The Great Depression 2.0 to come later...

Perhaps this isn't the Great Depression 2.0, but really the Panic of 1907 2.0 with the Great Depression 2.0 to come later.

At this point, I've lost count on how many trillions of dollars we've given to financial institutions to cover for all their unorthodox investment practices.

What if we would have given those trillions to the bottom 75% of the people who paid income tax? It seems to me the surge in demand would have inflated asset values necessary to make the banks sound.

Ah, but that would have meant giving the median worker money. God forbid we do something like that!

The fundamental problem is the median wage has not gone up in 35 years, while GNP went up 150%.

There isn't enough real demand to help prop up asset values and there isn't enough demand relative to supply to allow investors to make reasonably good returns on orthodox investments.

Because the median worker hasn't gotten a raise in 35 years and GNP has gone up 150%, trillions and trillions of dollars have gone to the 'supply side' of the ledger of our society.

Those supply-siders are supposed to invest, we were told by Ronald Reagan and his ilk, in building factories, businesses and the like to create jobs for the rest of us. Those are the 'orthodox' investment practices.

But what happens when there is no demand? Do the supply-siders go off and build a factory anyway?

Of course not. They are driven by the desire to make good returns. This has two negative effects - it causes bubbles and it induces unorthodox investment practices.

Since their is no demand, supply-side investing rich start eye-balling the unorthodox investment practices they've been roped off from through regulation. Since building a factory won't generate a good return, they want to make payday loans, credit card loans, subprime loans and a host of other things they dream up.

Meanwhile, if some small segment of the economy comes along and starts generating decent returns, like say, a new technology, which brings with it its own latent demand and so reasonable returns, the 'supply-side' money rushes to it like moths to a light bulb, flooding that sector and thus creating a bubble.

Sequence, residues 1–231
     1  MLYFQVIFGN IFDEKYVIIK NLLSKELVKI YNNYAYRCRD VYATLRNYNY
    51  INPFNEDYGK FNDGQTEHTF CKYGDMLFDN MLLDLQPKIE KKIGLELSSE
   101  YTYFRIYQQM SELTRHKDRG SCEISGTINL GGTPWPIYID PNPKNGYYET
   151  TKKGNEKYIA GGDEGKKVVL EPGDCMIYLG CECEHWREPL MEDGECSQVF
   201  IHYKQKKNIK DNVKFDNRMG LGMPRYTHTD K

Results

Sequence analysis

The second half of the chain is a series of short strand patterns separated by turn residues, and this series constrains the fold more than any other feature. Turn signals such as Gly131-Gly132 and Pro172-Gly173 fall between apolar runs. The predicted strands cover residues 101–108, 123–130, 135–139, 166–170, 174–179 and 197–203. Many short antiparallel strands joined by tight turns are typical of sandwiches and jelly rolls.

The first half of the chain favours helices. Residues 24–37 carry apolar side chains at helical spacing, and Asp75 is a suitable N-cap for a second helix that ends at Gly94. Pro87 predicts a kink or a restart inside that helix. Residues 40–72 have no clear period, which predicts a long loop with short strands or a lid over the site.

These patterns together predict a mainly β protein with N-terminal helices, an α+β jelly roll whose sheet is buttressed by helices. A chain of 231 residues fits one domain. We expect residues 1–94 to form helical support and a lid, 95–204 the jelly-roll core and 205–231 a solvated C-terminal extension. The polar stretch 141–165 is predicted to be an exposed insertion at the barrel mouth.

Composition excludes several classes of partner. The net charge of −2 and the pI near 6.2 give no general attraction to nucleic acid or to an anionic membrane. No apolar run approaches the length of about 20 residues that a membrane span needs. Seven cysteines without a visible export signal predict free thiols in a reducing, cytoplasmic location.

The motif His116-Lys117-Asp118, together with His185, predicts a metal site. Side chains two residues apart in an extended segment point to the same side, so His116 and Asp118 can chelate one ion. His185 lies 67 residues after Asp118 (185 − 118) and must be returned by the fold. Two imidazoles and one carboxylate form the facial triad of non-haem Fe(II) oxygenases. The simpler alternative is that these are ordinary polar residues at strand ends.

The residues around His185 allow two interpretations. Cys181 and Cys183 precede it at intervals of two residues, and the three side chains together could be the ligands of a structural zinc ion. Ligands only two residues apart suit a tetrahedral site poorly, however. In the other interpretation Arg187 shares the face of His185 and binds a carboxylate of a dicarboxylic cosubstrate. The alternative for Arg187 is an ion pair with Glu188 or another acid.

Investment bubbles are a sign that society, the economy, have past the 'supply-side' saturation point. That's where we were in 1999 - when the supply-side was at least ten trillion dollars poorer than it is now.

In the mean time, because investors are rich and powerful and relentless at trying to get at unorthodox 'investing' the government eventually relents. Then its just a matter of time before the meltdown and/or implosion begins.

But it all goes back to the supply versus demand economics. When you have too much demand (inflation), supply-side bias policies make sense. Whoopee, then, lets give money to the rich! That was 1979. Such policies were played and should have been turned off by 1985. By 1987 we had signs of supply-side saturation, junk bonds, the savings and loan debacle and Black Friday (or was it Monday). By 1999 we were well past "supply-side saturation" and the bubbles and deregulation efforts confirmed all of this. Yet President Bush spent the next 8 years moving perhaps as much as another $11 trillion dollars over to the supply-side (now that's audacity!) like a drunk with a suicide bent. Making the situation worse. The financial bailout so far has been the same thing - giving more trillions of dollars to the same people Ronald Reagan began giving money to 29 years ago: the supply-side, investing uber-rich.

Throughout all of this I've heard no serious talk anywhere about demand economics - even though demand is the obvious problem.


Because that means giving more bargaining power (and thus money) to the average Joe at the expense of the investing rich. Gasp! The horror of that!

The average Joe doesn't have a powerful lobbyist working for him. He has only the ballot box which amounts to one day of influence every two years.

The problem today is the concentration of wealth in Wall Street has lead to the concentration of power there as well. The power is so great and so concentrated that neither Obama, nor Republicans, nor congressional Democrats can chance ignoring Wall Street very long, if at all, while they are willing to ignore Main Street with the possible exception of the first Tuesday of every other November. (A good dose of advertising, culture wars and false news hysteria can make half of Main Street forget where it's true interest lies anyway.)

Our economic problems won't end until median wages go up.

The Great Depression dragged on for 10 long years (in most developed countries it was over by 1935) in the United States. Then still, it took a world war to generate demand side economics. I'm not sure if even a world war would shake things up this time around.

This brings to mind a famous quote by Winston Churchill: "American's always do the right thing, after having tried everything else first."

Tim Kane, Mesa, Arizona

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